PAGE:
Like many churchgoing couples who become parents, we stopped attending services after the birth of our first daughter. We couldn’t figure out how to make it work while our infant was taking four naps a day; and any time we did go, I ended up listening to the service through a speaker in some back room as I nursed my baby.
Once she was 6 months old, we decided to try again. Our outgoing daughter loved the nursery, and my stay-at-home mom self loved the break to sit with grown-ups for an hour and a half and let my mind wander. But when I started working shortly after her first birthday, church started to feel impossible and pointless once again.
After a long week apart and away from home, the last thing my family wanted to do was schlep across town to frantically find parking (at our church the parking situation was worse than Trader Joe’s), wait in line to check our kid into the nursery, then spend 90 minutes singing and listening to a sermon I could have just heard in podcast form during my daily commute to work. We never had a chance to mingle after service because a “PICK UP YOUR KIDS IMMEDIATELY” slide would flash onto the projector screens.
Why were we spending basically a quarter of our precious weekend time on this seemingly pointless practice? Can’t we just play worship music at home? We already listened to plenty of sermons on podcast. Maybe it simply wasn’t our season to attend church.
So we started attending “The Church of the Huntington Gardens,” as I liked to call it. Only 10 minutes away from our home was a world-class botanical garden, with acres of open space, trees and blooms. We spent idyllic Sunday mornings there, feeling closer as a family and soaking in the peace nature offers.
At some point, though, our sacred mornings at the gardens gave way to viewing Sunday as another Saturday – a day off work we could fill with chores, errands or meetups with friends. Our weekends started to run together with very little rest or rhythm built in. Once we started packing up our apartment to move to a nearby town, our Sundays filled up with moving-related tasks.
Which is how, on the second Sunday in our new home, we found ourselves deciding whether to try out a local church or head to IKEA for some essentials.
Driving into the IKEA parking structure, a thrill of anticipation ran through me. Our new house was much bigger than our old apartment, and featured a large yard where we hoped to host plenty of outdoor gatherings. Visions of patio furniture, oversized wall art and sheepskin throws danced in my head. My family of three made our way up the escalators with what seemed like people of every tribe, nation and tongue (this is Los Angeles, after all). Everyone seemed happy and excited; giddy, even, as we walked through the first well-appointed showrooms offering visions of the life we always wanted.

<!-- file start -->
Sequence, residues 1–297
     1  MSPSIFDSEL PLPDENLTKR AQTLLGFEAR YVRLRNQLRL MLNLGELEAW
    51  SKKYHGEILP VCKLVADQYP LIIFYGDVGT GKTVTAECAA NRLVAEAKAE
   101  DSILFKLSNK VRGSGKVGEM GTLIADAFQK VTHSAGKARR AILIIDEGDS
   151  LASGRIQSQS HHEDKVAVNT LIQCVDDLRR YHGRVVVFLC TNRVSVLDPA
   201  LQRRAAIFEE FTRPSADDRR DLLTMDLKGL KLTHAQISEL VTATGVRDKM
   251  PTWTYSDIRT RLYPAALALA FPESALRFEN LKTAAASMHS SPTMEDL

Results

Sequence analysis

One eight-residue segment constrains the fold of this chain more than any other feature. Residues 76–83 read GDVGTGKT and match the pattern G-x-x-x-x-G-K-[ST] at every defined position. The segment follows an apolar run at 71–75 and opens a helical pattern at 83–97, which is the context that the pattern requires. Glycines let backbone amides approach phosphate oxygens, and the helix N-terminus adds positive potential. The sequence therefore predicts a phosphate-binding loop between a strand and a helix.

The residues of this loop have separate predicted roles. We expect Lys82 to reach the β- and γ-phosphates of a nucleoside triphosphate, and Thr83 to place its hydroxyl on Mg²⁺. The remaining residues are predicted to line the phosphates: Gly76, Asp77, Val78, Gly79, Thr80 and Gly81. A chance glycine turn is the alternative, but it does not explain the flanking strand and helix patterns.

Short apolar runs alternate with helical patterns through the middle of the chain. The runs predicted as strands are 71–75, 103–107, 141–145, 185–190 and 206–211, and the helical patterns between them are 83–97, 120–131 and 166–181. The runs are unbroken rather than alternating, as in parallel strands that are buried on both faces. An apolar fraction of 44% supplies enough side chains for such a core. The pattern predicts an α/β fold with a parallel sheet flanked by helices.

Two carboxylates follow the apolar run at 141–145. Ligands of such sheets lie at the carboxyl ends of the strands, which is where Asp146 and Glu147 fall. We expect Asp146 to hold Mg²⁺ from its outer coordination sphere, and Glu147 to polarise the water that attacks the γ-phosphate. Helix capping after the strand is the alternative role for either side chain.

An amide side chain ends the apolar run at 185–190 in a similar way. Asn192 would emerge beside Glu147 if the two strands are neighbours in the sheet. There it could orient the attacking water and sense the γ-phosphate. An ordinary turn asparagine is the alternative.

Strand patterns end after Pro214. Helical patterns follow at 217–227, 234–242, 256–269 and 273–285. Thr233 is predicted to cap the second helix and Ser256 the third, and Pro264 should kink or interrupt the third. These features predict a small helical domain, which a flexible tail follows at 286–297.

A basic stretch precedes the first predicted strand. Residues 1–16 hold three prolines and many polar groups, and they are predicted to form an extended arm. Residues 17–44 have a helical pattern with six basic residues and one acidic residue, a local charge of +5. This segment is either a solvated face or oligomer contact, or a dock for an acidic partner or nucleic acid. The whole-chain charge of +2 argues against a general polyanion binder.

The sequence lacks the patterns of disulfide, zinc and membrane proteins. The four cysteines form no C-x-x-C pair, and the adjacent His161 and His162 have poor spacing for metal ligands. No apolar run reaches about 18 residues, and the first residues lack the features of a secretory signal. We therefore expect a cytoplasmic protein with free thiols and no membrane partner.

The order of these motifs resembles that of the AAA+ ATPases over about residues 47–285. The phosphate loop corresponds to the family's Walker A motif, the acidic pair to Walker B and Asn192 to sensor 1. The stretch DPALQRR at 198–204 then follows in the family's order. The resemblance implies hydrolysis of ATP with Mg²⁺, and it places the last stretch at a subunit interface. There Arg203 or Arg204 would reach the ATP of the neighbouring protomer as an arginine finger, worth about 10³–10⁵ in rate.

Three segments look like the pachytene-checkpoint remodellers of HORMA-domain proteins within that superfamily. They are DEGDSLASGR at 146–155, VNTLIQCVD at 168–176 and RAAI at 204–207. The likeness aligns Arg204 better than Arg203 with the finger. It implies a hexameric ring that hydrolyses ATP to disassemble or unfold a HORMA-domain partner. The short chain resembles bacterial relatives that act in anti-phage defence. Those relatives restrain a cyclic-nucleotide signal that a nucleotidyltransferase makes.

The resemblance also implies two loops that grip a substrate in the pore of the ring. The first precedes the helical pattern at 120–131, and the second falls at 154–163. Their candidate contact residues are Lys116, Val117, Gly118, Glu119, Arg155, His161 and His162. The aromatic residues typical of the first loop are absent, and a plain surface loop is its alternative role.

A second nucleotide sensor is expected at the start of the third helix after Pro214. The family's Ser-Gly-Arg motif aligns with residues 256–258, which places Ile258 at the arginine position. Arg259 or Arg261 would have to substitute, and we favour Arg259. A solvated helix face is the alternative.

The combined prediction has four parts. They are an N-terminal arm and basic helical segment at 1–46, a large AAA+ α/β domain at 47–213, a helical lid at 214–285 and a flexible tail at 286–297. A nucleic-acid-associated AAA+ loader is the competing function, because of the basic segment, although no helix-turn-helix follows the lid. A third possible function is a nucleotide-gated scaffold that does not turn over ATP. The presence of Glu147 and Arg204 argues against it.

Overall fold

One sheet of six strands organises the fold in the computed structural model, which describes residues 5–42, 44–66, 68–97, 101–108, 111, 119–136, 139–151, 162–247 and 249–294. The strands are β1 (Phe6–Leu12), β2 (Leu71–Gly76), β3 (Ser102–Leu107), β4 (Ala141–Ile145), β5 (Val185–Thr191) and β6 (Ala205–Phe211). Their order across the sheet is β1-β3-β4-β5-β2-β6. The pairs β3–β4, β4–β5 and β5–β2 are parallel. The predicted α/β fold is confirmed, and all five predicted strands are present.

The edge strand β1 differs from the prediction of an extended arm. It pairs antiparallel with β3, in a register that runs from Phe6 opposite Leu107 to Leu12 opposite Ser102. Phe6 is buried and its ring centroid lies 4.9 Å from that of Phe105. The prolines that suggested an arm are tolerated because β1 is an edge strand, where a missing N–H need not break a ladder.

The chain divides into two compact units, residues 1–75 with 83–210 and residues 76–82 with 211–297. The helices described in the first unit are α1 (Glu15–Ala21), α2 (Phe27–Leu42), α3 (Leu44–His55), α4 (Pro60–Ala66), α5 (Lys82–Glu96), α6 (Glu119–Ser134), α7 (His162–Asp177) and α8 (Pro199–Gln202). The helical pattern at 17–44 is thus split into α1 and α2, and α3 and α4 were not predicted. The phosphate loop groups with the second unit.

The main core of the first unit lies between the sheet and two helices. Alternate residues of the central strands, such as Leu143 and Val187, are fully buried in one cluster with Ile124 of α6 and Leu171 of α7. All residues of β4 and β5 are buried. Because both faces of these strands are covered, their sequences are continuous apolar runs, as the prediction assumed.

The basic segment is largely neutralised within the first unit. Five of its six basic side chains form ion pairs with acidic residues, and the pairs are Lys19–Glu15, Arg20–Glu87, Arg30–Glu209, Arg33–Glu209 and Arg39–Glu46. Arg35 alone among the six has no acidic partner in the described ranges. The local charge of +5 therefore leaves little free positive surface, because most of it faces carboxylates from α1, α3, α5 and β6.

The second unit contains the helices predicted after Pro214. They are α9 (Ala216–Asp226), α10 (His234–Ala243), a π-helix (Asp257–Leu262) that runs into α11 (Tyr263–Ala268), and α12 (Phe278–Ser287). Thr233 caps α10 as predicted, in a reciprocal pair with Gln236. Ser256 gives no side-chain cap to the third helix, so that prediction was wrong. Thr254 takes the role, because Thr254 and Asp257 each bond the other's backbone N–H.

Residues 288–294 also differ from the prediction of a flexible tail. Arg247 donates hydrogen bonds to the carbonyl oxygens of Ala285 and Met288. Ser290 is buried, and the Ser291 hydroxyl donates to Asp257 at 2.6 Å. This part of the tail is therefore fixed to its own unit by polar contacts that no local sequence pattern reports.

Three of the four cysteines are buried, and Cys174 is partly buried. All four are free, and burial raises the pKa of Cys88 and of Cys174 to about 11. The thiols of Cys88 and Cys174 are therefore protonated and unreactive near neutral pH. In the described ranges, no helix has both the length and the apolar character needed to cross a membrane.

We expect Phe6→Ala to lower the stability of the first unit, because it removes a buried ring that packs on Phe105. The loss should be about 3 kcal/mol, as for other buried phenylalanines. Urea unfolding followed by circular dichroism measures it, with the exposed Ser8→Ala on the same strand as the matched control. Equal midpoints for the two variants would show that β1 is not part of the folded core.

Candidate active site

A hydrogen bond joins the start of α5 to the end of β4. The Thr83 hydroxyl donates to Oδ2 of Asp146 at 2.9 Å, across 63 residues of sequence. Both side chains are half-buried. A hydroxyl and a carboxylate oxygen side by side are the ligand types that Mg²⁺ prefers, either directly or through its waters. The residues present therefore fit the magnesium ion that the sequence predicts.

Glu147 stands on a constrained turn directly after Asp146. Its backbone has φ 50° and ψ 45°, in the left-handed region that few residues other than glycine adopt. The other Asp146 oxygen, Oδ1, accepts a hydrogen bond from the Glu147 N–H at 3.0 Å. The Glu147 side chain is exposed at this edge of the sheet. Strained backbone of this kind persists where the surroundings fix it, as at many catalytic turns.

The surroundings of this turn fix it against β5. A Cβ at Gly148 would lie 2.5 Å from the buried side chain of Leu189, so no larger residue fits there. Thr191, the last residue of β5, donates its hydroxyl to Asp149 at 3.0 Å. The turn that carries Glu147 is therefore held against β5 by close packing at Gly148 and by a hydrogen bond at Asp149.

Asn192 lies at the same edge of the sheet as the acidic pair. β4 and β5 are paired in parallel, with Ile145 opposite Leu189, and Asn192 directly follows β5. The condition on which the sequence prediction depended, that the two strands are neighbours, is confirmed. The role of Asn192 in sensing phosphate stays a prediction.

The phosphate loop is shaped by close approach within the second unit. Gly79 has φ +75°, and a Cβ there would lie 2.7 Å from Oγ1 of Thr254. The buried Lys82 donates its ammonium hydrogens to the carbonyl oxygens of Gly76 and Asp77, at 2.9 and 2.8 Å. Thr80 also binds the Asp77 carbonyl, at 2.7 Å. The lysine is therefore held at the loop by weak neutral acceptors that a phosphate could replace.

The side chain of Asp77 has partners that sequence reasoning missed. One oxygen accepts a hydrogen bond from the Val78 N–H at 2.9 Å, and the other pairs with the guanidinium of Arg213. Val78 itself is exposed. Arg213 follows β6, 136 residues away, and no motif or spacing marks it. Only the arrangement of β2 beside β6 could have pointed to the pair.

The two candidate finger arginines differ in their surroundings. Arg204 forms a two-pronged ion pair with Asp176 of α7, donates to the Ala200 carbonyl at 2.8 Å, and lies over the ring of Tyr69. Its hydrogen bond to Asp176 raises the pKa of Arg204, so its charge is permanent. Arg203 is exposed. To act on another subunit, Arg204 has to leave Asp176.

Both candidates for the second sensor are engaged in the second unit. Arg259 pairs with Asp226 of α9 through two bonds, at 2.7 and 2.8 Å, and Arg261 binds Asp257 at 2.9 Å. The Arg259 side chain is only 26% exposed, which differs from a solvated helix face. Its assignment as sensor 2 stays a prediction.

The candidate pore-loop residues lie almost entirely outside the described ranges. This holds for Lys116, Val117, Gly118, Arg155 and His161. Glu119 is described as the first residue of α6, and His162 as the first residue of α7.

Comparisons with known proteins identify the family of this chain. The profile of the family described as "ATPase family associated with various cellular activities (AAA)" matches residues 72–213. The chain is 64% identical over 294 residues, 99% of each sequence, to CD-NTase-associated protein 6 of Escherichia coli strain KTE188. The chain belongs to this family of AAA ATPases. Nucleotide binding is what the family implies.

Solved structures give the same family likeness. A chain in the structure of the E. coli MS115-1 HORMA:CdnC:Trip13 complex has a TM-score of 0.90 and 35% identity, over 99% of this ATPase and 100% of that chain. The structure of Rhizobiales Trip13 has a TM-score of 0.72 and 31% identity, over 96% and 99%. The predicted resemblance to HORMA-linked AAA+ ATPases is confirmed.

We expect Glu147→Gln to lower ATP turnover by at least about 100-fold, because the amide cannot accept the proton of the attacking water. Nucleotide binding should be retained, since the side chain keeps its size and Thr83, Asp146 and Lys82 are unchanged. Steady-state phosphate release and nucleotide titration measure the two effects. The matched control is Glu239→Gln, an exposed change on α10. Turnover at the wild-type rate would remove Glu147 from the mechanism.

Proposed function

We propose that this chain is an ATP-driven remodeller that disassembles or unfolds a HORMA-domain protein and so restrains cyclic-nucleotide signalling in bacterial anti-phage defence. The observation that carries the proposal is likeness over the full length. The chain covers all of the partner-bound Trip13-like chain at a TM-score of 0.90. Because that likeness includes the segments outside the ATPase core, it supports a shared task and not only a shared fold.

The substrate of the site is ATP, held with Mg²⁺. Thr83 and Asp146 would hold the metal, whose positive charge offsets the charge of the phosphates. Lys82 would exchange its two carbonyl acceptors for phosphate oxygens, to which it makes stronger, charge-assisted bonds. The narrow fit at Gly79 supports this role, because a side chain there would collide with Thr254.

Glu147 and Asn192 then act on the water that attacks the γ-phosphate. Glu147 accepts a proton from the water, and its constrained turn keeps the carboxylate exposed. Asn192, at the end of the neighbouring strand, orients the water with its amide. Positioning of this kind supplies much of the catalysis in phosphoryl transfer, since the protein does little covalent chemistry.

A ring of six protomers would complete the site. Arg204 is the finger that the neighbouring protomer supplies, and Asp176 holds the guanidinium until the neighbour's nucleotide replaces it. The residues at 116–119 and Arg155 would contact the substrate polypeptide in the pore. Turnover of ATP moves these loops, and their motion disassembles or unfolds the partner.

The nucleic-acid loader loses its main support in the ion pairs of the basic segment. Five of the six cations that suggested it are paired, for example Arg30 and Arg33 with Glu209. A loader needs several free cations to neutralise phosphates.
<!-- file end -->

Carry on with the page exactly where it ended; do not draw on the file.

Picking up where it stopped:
Our daughter played peekaboo around an ottoman with another toddler, and we laughed as she tried to push our shopping cart. We flopped onto various armchairs, testing them out, comparing them, acting like we were made of money.
But as we moved through the labyrinth that is IKEA, our energy flagged. By the time we made it to the cafeteria in the middle, we shuffled through the line and stared with glazed eyes at the strangers around us. The IKEA magic had worn off for everyone, but as we chewed our Swedish meatballs, we knew we still had a long way to go. I lost my patience as my daughter pushed the cart into yet another innocent shopper. I felt overstimulated and like we may never reach the end. An hour later, after making it through the marketplace and the warehouse, my husband and I loaded up the car with our purchases and drove home, feeling grouchy and drained.
“I guess we should have gone to church,” he said, staring straight ahead at the road.
I sighed. How did we become people who worshipped at the Church of IKEA on a Sunday morning?
The next week, we made the effort and showed up at a nearby church we’d heard about over the past few years. It’s known for being purposefully intergenerational and multiethnic, and as we settled into our seats, I looked around at my fellow parishioners. There truly was so much diversity in age and ethnicity. As the music started, I loved seeing an older, white-haired woman bopping around on stage with the other singers. Every pastor or elder who hopped up to make announcements or introductions seemed to be from a different background or generation.
As we sang familiar worship songs together, the energy of the congregation soared. My heart soared, too, as I remembered why I love going to church. I once heard a worship leader say, “Worship is a vacation from yourself,” and I desperately needed such a vacation as we sang about God’s faithfulness, power and character. And, as a person who longs to feel connected to something larger than herself, I was also keenly aware and appreciative of the bonds that tied me to every stranger in that room. We all came from different backgrounds and with different stories. We’ve all known suffering that would make your hair stand on end if we had the chance to tell it.
But we all still show up, forget ourselves and say – even sing – out loud that we believe there is something bigger than our suffering, someone who welcomes our stories and our differences and breathes into them reconciliation, redemption and unspeakable joy.